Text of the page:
Workers at Israeli surveillance firm NSO sue Facebook for blocking private accounts
A group of employees from the Israeli surveillance firm NSO Group filed a lawsuit against Facebook on Tuesday, saying the social media giant had unfairly blocked their private accounts when it sued NSO last month.
Messaging service WhatsApp, which is owned by Facebook, had accused NSO in its own legal action filed in California last month of helping government spies break into the phones of roughly 1,400 of its users in a hacking spree whose targets included diplomats, political dissidents and journalists.
The NSO employees said their Facebook and Instagram accounts, and also those of former workers and family members, had been blocked.
The workers petitioned the Tel Aviv District Court to order Facebook to unblock the accounts, which they claimed was done abruptly and without notice.
Facebook said in a statement that it had disabled "relevant accounts" after attributing a "sophisticated cyber attack" to NSO Group and its employees.
Those actions "continue to be necessary for security reasons, including preventing additional attacks," the company said.
It added that it had re-enabled some accounts through an appeals process.
In their statement, the NSO employees said Facebook had imposed a "collective punishment" by choosing to block their private accounts due to the legal process Facebook was conducting against NSO.
They also said their lawsuit came only after they made repeated requests to Facebook that went unanswered.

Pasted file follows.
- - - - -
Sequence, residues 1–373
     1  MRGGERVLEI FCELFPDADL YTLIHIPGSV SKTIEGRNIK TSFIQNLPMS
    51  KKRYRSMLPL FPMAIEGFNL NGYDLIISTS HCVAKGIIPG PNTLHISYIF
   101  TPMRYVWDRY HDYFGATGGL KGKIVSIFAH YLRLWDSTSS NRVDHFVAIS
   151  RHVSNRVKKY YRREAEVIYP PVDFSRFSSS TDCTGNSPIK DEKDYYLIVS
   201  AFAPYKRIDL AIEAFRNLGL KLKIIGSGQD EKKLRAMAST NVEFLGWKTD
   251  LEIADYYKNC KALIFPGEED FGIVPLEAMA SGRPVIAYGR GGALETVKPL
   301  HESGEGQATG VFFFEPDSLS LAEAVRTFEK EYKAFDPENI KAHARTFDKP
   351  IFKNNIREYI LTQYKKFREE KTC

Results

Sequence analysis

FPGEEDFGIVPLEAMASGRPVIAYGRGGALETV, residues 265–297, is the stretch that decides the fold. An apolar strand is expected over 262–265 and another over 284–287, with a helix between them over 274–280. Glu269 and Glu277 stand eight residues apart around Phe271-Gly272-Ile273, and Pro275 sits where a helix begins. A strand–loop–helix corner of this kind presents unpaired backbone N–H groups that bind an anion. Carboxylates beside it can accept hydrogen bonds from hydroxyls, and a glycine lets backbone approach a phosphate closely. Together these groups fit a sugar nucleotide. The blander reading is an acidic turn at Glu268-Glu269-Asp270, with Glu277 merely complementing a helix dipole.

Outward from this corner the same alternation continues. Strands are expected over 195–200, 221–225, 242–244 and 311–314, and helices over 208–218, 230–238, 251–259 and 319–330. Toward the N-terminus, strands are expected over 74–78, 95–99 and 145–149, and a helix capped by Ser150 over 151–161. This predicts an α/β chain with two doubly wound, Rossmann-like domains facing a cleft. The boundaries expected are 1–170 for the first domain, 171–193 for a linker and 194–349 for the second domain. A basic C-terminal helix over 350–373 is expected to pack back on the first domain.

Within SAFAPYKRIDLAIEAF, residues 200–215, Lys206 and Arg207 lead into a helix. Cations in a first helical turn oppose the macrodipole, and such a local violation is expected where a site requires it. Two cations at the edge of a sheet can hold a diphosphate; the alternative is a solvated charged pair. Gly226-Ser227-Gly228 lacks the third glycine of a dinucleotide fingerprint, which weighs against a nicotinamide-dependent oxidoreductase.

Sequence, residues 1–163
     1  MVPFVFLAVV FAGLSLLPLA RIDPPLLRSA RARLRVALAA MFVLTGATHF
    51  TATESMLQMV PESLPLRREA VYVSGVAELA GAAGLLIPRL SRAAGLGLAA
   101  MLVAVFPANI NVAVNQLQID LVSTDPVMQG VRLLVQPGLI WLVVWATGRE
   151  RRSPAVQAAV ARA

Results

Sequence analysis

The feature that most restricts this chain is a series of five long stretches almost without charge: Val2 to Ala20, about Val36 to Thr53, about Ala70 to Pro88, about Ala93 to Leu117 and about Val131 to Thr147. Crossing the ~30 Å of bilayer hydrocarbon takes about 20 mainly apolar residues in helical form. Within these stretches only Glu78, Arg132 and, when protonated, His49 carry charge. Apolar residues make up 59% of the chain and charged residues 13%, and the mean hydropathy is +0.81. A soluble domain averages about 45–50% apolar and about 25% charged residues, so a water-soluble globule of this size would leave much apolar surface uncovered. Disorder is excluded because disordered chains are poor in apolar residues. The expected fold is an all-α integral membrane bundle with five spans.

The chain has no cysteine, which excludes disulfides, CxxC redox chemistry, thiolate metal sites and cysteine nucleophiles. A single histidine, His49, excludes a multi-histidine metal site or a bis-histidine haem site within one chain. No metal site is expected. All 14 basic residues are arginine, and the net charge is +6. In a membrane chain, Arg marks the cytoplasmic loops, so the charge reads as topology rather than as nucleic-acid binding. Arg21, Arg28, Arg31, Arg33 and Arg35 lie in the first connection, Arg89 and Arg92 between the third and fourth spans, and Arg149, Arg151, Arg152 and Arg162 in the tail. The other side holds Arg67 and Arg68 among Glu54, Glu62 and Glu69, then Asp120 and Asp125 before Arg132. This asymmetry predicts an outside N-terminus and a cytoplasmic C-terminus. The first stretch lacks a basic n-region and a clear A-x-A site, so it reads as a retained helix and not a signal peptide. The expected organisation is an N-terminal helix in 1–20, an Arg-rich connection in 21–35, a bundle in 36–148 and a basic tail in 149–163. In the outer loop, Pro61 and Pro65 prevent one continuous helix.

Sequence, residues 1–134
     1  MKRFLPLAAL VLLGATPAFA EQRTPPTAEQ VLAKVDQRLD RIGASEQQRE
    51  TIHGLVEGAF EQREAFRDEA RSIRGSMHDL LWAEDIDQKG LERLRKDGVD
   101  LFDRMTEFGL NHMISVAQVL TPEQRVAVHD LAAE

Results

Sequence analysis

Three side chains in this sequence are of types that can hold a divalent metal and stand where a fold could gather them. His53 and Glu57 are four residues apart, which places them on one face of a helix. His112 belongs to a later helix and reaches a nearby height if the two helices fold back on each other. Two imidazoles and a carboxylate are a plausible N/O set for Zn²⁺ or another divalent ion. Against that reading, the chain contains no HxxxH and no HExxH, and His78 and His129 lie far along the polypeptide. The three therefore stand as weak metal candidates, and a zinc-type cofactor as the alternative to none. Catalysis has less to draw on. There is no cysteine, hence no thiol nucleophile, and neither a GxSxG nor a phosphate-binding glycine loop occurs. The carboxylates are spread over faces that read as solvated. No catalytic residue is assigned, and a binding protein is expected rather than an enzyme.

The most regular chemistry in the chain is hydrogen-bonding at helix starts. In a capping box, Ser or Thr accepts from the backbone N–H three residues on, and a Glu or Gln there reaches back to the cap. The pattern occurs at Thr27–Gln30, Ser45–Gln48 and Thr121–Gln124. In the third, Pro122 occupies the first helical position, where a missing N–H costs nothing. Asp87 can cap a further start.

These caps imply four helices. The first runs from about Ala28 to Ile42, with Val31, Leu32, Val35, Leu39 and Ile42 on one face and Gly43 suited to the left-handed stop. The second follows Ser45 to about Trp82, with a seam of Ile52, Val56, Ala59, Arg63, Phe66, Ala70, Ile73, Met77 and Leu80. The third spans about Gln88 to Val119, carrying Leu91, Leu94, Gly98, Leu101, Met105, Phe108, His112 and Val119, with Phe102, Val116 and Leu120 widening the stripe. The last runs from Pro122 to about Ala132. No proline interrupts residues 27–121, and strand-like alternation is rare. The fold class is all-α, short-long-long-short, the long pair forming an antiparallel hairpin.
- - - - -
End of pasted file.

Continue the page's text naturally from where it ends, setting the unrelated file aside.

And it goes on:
"Blocking our private accounts is a hurtful and unjust move by Facebook," the statement said. "The idea that personal data was searched for and used is very disturbing to us."
The employees said they would continue to "help governments around the world prevent crime and terrorism through the technology we are developing."
Online hate campaigns
WhatsApp accused NSO of facilitating government hacking sprees in 20 countries. Mexico, the United Arab Emirates and Bahrain were the only countries identified.
The spyware in question, known as Pegasus, has been widely condemned after human rights groups and cyber-security monitors reported that NSO had sold it to repressive governments.
Citizen Lab, a research centre at the University of Toronto that worked with WhatsApp to investigate the hacking, told the Reuters news agency that the targets included well-known television personalities, prominent women who had been subjected to online hate campaigns, and people who had faced "assassination attempts and threats of violence".
NSO, founded in 2009, denies the allegations.
Speaking at a technology conference in Tel Aviv on Monday, NSO president Shiri Dolev defended her company, saying NSO technologies made the world safer.
Dolev also said she wished NSO could talk openly about the role it plays in helping law enforcement agencies catch terrorists.
"Terrorists and criminals use the social platforms and apps we all use every day...," she said.
Dolev added that NSO does not operate its own technology or hack phones.
"We develop the technology which we sell exclusively to government intelligence agencies," she said.